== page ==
<img height="1" width="1" alt="" style="display:none" src="https://www.facebook.com/tr?ev=6026852841840&amp;cd[value]=0.00&amp;cd[currency]=USD&amp;noscript=1">
    on October 21, 2020 Restaurant Consumer Psychology Digital Marketing

    QSRs using psychology to navigate uncharted territory ahead of holidays

    Subscribe to Email Updates

    It's that time of year again when retail brands are taking advantage of Amazon Prime Day, Black Friday and their own branded events ahead of the holidays. 

    But they're not alone. Marketers in the QSR space are also leveraging the same consumer psychology tactics behind what makes these days so successful.

    And it makes sense. As all brands navigate an uncharted territory, it has been difficult to engage consumers who are inundated with more digital outreach than ever before.

    Here are just a few restaurants finding high-impact, low-effort solutions to create Black-Friday-like response and excitement among consumers: 

    Shake Shack

    To gain more followers on social media, Shake Shack offered a chance for ten fans to win limited-edition bottles of the brand's popular sandwich seasoning. The scarcity of the product signaled that it was intrinsically special. Shake Shack not only told consumers to follow its Instagram profile, but to tag a friend in the post.
    Screen Shot 2020-10-16 at 10.21.17 AM

    Jack in the Box

    To promote its plant-based "Unchicken Sandwich", Jack in the Box found an interesting "on brand" way to grab consumers' attention, while also keeping them safe during the pandemic. The brand is giving away a free chicken-scented face mask for one day only. The mask will go to the first 1,815 people who claim it on jackinthebox.com/chickenfacemask, according to the company's rules page.
    Screen Shot 2020-10-16 at 12.46.57 PM

    Krispy Kreme

    As an attempt to get more in-store foot traffic, Krispy Kreme is offering free doughnuts on specific days to customers who show up in Halloween costumes at participating locations (or their drive-thrus). 
    Screen Shot 2020-10-16 at 2.26.21 PM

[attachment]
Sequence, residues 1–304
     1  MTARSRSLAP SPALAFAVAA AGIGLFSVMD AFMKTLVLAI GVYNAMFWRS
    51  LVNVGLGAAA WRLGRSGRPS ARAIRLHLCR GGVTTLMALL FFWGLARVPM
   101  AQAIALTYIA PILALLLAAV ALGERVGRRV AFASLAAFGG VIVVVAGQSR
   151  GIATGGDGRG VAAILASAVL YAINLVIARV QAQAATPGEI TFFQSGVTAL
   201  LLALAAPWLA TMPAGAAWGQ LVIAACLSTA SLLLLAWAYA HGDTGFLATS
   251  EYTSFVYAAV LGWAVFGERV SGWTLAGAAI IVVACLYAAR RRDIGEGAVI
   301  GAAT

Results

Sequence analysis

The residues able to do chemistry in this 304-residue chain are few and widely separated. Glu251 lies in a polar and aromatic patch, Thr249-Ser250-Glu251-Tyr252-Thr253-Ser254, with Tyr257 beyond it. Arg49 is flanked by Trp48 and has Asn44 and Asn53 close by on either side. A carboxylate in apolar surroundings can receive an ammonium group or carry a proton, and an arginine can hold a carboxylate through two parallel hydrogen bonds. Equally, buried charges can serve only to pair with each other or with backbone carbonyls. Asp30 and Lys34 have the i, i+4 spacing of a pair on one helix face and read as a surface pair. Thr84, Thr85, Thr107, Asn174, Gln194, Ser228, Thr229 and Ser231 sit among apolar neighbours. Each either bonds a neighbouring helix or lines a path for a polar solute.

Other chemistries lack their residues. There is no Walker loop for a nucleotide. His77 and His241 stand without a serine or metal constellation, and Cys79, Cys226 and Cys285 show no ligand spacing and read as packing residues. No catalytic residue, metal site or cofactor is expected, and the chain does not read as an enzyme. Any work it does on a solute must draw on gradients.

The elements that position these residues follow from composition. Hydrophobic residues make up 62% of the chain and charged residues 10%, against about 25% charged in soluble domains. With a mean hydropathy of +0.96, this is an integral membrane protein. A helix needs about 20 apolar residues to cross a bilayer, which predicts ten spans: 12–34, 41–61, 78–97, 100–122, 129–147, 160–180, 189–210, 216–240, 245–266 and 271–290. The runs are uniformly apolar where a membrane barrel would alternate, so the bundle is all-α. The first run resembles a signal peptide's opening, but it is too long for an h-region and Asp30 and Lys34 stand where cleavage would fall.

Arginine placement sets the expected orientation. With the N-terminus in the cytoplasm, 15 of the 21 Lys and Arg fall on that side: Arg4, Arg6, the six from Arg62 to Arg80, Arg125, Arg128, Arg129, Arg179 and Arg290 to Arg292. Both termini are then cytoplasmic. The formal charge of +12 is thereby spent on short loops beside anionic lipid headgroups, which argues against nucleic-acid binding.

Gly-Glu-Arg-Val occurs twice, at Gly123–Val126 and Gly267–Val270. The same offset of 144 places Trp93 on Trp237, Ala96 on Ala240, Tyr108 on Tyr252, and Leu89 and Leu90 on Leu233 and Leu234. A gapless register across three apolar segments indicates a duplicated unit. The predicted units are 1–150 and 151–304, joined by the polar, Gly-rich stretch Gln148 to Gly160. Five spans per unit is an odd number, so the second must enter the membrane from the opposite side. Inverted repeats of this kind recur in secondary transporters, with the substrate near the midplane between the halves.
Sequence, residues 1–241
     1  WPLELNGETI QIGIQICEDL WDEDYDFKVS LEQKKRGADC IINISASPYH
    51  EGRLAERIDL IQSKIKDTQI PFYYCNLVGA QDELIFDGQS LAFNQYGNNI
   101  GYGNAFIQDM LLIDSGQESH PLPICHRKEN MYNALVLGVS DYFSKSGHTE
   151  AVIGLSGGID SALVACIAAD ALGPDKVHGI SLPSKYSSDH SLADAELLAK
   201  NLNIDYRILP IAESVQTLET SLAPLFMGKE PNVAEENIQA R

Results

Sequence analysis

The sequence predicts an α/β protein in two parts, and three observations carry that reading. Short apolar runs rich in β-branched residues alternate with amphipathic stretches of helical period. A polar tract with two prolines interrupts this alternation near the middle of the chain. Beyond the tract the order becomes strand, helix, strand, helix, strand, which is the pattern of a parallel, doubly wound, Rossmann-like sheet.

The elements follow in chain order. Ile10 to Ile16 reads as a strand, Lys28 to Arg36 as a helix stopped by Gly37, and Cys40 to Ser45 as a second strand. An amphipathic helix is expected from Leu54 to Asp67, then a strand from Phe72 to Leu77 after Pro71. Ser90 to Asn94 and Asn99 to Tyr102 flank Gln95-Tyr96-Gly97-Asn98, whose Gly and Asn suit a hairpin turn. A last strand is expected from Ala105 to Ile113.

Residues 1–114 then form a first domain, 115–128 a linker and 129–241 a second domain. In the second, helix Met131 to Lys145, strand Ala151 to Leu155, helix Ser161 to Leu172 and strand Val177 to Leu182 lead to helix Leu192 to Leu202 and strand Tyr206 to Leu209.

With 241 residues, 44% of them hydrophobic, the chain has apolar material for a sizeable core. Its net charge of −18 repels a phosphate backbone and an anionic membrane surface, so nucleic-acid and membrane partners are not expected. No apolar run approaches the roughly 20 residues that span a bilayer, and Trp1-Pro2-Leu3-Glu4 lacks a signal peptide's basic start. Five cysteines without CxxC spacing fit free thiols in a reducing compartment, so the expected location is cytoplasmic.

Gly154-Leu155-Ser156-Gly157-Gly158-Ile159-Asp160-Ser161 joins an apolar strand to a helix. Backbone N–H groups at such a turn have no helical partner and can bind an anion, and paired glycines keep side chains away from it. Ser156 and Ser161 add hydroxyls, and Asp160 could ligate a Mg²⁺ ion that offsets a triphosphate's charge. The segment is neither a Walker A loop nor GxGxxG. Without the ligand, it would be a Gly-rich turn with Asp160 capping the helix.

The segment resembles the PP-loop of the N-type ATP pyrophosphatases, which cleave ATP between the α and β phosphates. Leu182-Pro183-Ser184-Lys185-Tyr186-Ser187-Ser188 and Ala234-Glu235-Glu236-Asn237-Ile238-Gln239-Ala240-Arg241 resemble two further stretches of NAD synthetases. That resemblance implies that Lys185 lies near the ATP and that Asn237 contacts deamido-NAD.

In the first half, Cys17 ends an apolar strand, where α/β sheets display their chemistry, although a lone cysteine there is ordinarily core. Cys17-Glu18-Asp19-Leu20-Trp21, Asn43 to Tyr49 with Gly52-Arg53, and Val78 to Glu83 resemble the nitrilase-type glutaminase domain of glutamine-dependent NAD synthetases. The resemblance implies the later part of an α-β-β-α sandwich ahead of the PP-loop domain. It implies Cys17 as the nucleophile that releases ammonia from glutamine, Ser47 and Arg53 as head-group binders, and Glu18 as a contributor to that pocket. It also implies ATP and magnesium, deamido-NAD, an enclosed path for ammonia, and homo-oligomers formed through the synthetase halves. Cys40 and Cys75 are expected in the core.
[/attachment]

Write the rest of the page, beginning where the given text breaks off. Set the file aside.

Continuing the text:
Chipotle

    To acquire more followers on Instagram, TikTok and Twitter, Chipotle rolled out its festive "boorito" in a new way for their brand. The company stated in a news release it was "giving fans a chance to virtually trick-or-treat for half a million BUY-ONE-GET-ONE (BOGO) entrée codes via text."

    Screen Shot 2020-10-19 at 9.50.46 AM

    "A total of 500,000 BOGOs will be dropped via TikTok, Twitter and Instagram from October 29 to October 31. To claim their BOGOs, fans will have to act fast and text the valid keyword to 888-222 before Chipotle's virtual House of BOGOs runs dry. The BOGOs will only be redeemable via the Chipotle app or Chipotle.com on Halloween, October 31."

    Screen Shot 2020-10-19 at 10.25.37 AM

    Dog Haus

    This growing chain celebrated its ten-year anniversary by incentivizing app downloads. Dog Haus did this by offering a deal that could only be redeemed with its in-app scanner.

    Screen Shot 2020-10-19 at 2.23.19 PM

    Dunkin'

    To hype its new Spicy Ghost Pepper Donut, Dunkin' wrote in a press release: "Nuggets are on notice, sandwiches be warned, and move over tacos: a donut is now heating up the battle for spicy superiority." 

    The brand used anticipation tactics on social media, similar to the ones seen around Popeyes' chicken sandwich, to promote its seasonal donut.

     

    So retailers aren't alone this time of year: QSR brands are using anticipation, scarcity and fear of missing out in the midst of a chaotic environment to engage distracted consumers with unlimited options.

    New call-to-action

    Andrea Gonzales-Paul

    Andrea Gonzales-Paul is a brand journalist at Quikly. Her background is in storytelling, specifically working in TV news and documentary filmmaking.